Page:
2008 Norwegian National Championships - Retrospective: First Division


A First Division contest that did exactly what it set out to do - and benefitted from some great performances as a result. British banding, are you listening?

First Division winners
The final three: The top three bands representatives await the final outcome

If bands in the UK think that being categorised as being First Section somehow belittles them competitively then their conductors and band managers should make a trip out to Bergen to listen to this contest.

Here were bands that realistically know that if they are ever to compete at the highest level then they need to be both well prepared as well as talented enough to do just that. Taking part for the sake of it so that they can be called ‘Championship’ or ‘Elite’ doesn’t cut any ice here with players, conductors or even the most ardent band supporters. There is a hard nosed realism about just how good they really are.

Very good indeed

And they are very good indeed. The top six bands here would not be out of place in the Grand Shield and on this evidence, the top two would not be out of place competing for a place at the British Open. 

It was a fleeting experience that made such a mark on Robert Morgan of the BFBB who we met on his way out of the hall after listening to a number of bands on the Saturday morning. He was genuinely impressed by what he had just heard – not just the choices of the works, but the way in which they had been performed.

It was great to see Robert taking time out of a very busy schedule to listen (he was knee deep in EBBA meetings all weekend) and we think he left with a very positive impression of Norwegian banding. Let’s hope something positive comes of it in the British context too.

The two performances that really did stand out came from the eventual winners, Oslo Brass Band conducted by Frode Amundsen, and Sorum Musikklag directed by Christian Tenfjord, whilst the judges also took the opportunity of highlighting the creditable showing from Tomra Brass led by Frans Violet.

For adjudicators Kim Lofthouse and Jan Roger Oren those top two performances were full of high class ensemble and solo playing as well as benefiting from excellent direction and attention to the basics of good brass playing.

Very high standard

Kim Lofthouse told 4BR that the overall standard from the bands was very high indeed, although he did feel that two or three towards the bottom of the prize list perhaps found things a bit more difficult.  The top two were very close indeed for him, although fellow adjudicator Jan Roger Oren had them slightly further apart.

The winning performance from Oslo of ‘…Dove Descending’ he felt displayed clarity and detail, and was in his words, ‘quite exceptional’. He also pinpointed the high standard of each of the individual contributions too – no surprise then that it stood out so clearly for them as they sat, watched and listened to a fine rendition unfold before them.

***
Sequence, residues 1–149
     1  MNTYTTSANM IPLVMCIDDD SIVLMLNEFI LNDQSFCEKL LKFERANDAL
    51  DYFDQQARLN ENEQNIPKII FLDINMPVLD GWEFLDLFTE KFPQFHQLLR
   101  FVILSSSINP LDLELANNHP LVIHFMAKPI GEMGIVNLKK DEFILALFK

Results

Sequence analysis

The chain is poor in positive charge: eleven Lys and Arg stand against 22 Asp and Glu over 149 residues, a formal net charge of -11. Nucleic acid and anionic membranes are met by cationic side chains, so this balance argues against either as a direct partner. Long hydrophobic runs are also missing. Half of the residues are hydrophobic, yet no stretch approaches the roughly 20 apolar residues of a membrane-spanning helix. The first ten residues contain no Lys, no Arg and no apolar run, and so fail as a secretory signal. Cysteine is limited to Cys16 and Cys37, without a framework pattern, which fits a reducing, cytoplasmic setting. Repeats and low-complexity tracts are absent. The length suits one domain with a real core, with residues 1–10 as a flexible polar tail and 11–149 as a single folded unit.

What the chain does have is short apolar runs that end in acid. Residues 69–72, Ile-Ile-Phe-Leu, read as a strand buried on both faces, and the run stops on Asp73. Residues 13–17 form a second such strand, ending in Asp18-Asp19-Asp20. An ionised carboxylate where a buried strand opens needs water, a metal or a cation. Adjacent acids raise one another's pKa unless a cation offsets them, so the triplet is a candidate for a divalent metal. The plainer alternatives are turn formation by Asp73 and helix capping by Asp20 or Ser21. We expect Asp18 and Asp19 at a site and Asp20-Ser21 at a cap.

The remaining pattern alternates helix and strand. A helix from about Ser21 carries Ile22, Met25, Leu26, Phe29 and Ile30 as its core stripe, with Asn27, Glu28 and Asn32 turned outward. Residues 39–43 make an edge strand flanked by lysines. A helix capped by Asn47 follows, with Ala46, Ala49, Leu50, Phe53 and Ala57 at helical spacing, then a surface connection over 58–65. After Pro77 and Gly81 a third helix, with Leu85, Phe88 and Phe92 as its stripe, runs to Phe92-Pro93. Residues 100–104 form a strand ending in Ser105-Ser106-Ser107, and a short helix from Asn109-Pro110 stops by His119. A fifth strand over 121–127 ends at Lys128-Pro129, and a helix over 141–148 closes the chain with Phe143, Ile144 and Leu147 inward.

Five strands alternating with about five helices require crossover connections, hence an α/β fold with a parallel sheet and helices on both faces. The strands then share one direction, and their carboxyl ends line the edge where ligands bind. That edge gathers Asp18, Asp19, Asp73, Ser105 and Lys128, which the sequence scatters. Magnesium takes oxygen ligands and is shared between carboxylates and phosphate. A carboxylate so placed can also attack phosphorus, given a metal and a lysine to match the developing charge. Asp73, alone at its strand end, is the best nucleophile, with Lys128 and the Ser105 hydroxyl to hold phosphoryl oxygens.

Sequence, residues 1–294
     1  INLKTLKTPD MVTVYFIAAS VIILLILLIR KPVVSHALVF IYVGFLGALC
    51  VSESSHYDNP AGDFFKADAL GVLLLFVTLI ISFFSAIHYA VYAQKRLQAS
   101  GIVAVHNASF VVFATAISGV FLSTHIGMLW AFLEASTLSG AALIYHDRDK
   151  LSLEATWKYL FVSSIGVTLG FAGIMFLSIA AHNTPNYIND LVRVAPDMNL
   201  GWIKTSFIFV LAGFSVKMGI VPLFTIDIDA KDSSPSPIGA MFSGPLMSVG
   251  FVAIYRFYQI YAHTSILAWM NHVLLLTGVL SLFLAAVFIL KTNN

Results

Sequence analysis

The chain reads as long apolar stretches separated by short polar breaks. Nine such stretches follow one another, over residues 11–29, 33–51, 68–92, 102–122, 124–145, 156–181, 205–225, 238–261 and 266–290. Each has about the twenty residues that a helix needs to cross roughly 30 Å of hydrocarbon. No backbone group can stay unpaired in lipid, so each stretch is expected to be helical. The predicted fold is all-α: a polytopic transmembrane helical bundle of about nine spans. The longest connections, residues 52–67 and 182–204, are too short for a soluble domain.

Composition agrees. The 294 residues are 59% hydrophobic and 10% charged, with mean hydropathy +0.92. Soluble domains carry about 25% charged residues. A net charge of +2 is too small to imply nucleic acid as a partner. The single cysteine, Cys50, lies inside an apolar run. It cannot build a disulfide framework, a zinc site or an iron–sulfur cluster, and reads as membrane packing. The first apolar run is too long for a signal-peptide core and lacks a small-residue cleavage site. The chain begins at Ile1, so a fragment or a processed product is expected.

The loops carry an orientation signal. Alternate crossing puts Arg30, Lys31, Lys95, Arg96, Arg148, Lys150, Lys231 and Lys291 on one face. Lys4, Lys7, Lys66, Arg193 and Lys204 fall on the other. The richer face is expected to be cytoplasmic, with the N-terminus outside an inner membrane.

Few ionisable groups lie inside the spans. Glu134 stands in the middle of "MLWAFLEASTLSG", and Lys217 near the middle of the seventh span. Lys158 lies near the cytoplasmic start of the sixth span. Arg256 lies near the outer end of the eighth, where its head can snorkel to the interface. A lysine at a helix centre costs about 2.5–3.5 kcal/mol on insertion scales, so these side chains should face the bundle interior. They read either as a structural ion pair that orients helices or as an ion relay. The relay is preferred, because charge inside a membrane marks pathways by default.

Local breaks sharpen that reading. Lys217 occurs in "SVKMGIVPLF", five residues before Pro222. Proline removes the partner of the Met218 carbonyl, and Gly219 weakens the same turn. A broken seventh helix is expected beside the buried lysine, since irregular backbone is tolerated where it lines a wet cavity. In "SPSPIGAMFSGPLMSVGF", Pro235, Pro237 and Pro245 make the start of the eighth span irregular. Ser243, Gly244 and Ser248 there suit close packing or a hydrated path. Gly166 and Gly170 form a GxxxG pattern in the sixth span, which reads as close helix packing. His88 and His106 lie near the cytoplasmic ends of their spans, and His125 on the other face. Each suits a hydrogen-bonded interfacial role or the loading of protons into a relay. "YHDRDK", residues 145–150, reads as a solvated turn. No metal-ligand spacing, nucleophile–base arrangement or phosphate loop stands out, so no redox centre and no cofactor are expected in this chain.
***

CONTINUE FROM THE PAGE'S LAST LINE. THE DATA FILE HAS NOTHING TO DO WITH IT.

There was also high praise for second placed Sorum Musikklag, who Kim also felt managed to make much more than just a good fist of  ‘Journey to the Centre of the Earth’. Again, it was the adherence to good basics of brass playing allied to clarity of execution that brought them reward.

Third placed Tomra was many people’s favourites to return back to the Elite Division this year at the first time of asking, but it wasn’t to be. Their performance of ‘Music of the Spheres’ had a great deal of confidence and much to commend, yet Kim felt that although very creditable it perhaps lacked the overall level of detail and control so clearly defined in the bands that finished above them.

Outside podium places

The bands that eventually ended up outside the podium places had much to commend too, with the performances from Sola, directed by the flamboyant John Philip Hannevik on ‘Tallis Variations’, Oster conducted with a bit more circumspection by Torstein Aagaard-Nilsen on ‘Dances & Arias’, and Radoy, led with accomplished composure by Tormod Flaten on ‘Diversions on a Bass Theme’, all delivering performances of merit. 

Again though you had to agree with the two judges that although played with brio, verve and style, each lacked that sheen of extra quality that so stood out in the bands above them. These were three bands that played well above themselves but still were short of reaching that ‘Elite’ mark – next year may be a different matter though. 

Outside top six

Finally, the bands outside the top six did fall into a somewhat predictable order and there was little to choose between the likes of Jolster and Tertnes. Both opted for pieces from the yellowing pages of the banding repertoire in ‘Salute to Youth’ and ‘Pageantry’, which Arvid Athum really did bring to life with a vibrant reading bedevilled only by too many unforced errors. 

After that it did fall away with Askoy’s ‘Chivalry’ and Kleppe’s ‘Elgar Variations’ not quite capturing the essential and quite deliberate intentions of the Martin Ellerby scores. So too Lakesvag with ‘Festival Music’, which was perhaps a touch ambitious, although very stylishly played under Tom Brevik, and Haukas Musikklag with a slightly strained ‘Journey into Freedom’
No doubting the winners though, and Oslo, who have strengthened their ranks with players from the now defunct Gothenburg Brass Band certainly showed that they are one band that can quite comfortably encompass the step up in class to the Elite Division next year. If only the same could be said of as many bands in the UK.

Iwan Fox


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